Medical professionals spend most of their time interacting with patients and working to provide the best possible care. To stay up to date on the latest trends in the medical space, many professionals are required by their state to pursue continuing medical education (CME).
CME is a requirement for good reason — it’s essential in an environment where change is constant. But medical professionals are already taking on higher caseloads than ever because of increased demand, which means CME has to fit into a busy lifestyle. That’s where mobile comes in.
Two-thirds of physicians own a tablet or smartphone, and as many as 74 percent use smartphones for professional purposes, according to MobiHealthNews. It makes sense, then, that mobile apps for CME are growing among consumers and clinicians, as Modern Healthcare reports.
As practitioners have less and less time to spend at conferences or in-person training events, CME resources have realized the need to migrate to a format that makes on-the-go education attainable, easy, and reliable.
So, what are a few ways you can earn CME on your mobile phone? Here are six tools to get you started:
This resource from WebMD is an extremely high-rated app that has multiple functionalities even beyond providing accredited CME courses. Along with breaking medical news and disease information, it offers its more than one million users helpful features, such as:
- Information on drug interactions, medical calculators, and real-time drug data.
- Accredited CME courses that meet licensing requirements.
- Offline access (no Internet connection required) to reference procedures, conditions, drugs, and more.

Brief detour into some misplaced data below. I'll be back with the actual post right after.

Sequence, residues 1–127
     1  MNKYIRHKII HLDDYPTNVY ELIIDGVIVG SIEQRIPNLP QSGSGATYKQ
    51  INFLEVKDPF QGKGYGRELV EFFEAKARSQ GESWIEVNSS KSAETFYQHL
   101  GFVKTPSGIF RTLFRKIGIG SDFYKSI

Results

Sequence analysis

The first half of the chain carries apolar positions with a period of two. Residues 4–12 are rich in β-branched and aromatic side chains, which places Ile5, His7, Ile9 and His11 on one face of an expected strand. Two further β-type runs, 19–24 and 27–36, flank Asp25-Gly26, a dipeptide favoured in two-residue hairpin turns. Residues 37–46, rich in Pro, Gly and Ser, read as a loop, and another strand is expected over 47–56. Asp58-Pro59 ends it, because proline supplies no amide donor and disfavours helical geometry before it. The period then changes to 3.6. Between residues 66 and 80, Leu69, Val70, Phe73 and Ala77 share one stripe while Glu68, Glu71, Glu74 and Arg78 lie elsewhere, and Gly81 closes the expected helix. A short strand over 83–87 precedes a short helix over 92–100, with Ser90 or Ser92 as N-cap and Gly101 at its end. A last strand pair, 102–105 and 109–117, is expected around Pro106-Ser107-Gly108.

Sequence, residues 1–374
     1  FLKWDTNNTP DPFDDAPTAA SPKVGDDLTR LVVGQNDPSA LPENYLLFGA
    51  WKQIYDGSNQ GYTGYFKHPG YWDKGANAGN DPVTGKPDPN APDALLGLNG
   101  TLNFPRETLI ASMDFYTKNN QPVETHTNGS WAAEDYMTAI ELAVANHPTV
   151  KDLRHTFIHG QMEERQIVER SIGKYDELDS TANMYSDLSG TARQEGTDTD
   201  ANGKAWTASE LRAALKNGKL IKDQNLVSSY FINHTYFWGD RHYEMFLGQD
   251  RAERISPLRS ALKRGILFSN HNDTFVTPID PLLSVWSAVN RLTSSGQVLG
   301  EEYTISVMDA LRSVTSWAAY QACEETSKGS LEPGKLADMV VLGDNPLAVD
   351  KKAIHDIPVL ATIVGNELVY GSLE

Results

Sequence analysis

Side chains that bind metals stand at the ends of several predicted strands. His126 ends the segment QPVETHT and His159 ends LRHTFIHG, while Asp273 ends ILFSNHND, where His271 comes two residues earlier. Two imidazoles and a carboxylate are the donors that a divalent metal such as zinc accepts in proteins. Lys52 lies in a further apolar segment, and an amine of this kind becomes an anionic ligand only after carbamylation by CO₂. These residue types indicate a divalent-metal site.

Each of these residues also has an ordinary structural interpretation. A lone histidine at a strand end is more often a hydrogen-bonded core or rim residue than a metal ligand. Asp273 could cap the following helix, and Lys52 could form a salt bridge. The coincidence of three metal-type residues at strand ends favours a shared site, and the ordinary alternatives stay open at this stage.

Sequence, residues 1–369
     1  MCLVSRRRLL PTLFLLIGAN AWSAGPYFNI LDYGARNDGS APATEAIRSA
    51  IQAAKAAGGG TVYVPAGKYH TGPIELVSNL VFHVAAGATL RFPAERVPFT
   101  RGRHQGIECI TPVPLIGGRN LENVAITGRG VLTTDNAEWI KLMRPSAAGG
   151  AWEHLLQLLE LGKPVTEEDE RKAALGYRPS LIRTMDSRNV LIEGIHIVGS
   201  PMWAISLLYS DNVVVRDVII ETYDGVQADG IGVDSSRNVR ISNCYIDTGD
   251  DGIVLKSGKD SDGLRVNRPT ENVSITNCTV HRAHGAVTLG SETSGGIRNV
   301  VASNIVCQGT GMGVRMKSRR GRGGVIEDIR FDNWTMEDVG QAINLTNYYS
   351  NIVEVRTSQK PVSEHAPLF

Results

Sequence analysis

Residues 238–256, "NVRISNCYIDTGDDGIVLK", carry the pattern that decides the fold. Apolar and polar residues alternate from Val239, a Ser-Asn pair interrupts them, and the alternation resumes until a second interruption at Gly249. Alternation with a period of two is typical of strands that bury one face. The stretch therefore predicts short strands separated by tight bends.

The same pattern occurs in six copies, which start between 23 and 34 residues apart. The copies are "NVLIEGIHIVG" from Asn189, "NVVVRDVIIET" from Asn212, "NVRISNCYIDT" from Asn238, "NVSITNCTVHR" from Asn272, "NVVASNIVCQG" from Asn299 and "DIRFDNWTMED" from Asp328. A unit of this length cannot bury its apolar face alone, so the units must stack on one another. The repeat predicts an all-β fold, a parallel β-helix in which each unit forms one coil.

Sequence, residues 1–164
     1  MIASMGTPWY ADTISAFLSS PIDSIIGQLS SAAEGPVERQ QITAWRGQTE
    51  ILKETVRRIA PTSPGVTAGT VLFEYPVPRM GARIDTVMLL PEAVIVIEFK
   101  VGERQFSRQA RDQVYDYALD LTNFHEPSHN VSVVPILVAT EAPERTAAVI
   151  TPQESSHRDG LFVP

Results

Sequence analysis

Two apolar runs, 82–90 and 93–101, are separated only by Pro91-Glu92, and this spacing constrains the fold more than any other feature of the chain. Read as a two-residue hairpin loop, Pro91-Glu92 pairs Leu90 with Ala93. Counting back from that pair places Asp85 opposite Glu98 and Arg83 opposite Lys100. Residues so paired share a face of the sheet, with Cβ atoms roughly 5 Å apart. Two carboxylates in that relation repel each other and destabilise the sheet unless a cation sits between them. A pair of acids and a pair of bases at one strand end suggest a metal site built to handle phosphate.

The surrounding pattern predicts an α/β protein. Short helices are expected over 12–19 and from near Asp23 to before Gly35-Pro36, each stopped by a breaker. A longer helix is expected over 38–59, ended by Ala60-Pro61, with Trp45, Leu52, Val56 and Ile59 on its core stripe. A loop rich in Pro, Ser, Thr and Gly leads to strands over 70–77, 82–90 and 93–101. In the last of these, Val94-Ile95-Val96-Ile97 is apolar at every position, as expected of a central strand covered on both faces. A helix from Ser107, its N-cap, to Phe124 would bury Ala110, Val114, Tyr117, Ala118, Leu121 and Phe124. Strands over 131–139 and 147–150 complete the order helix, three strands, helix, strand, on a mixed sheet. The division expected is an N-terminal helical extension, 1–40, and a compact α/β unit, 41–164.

With more than one million active members, this app lets medical professionals attain their required CME right from a mobile device. RealCME offers interactive educational activities in various specialty topics, and they are frequently updated. Completed credits are tracked automatically and certificates are mailed directly to the recipient.
Using this app, you can also:
- Choose from various CME activity formats with real-world experiences.
- Benefit from peer-to-peer interactions.
- Track performance goals.
- Get a personal performance report every three months with completed CME credits.
3. Mayo Clinic CME
This app allows attendees of select Mayo Clinic meetings to browse speaker information and presentations, as well as slides from various sessions. Thanks to in-app features, you can even make notes on the slides right from your mobile device, which you can then access later for reference.
Other features include:
- Design that accommodates both iPad and iPhone.
- Cloud-based access to CME resources.
The MyCME app provides a tailored experience for a variety of medical professionals pursuing CME. The accredited courses accommodate physicians, nurse practitioners, physician assistants, pharmacists, nurses, and other medical professionals. You can use your smartphone to easily navigate through CME activities, set up personalized goals, store your certificates, and stop/start activities without losing your place.
Cost: While the app itself is free, a subscription to the content is $94.99/year with auto-renewal.
5. MedPage Today
With development from MedPage Today and the University of Pennsylvania School of Medicine, this app includes free training for CME credits, updates on breaking medical news, actionable tips, and clinical perspectives that accompany news articles. More than 700,000 medical professionals already use this app for CME and to stay current on news and conferences.
6. ReachMD CME
On this exclusive XM satellite radio channel, you can use your mobile phone to access audio CME content on the go. This resource lets you listen to and take CME exams right on your phone, and it automatically updates with new CME programs that you can browse by keyword.
Other features include:
- Alerts for new programs and info.
- History tracking so you can easily revisit past exams.
- Audio format for learning during your commute, workouts, and any other time you’re on the go.
Mobile CME access represents an educational shift toward accommodation, simple collaboration, and mobile-friendly resources. And that’s a good thing: Now, more than ever, the demand placed on time is high within the medical industry. We can expect to see more tools like these in the future as technology integrates more seamlessly with ongoing educational requirements.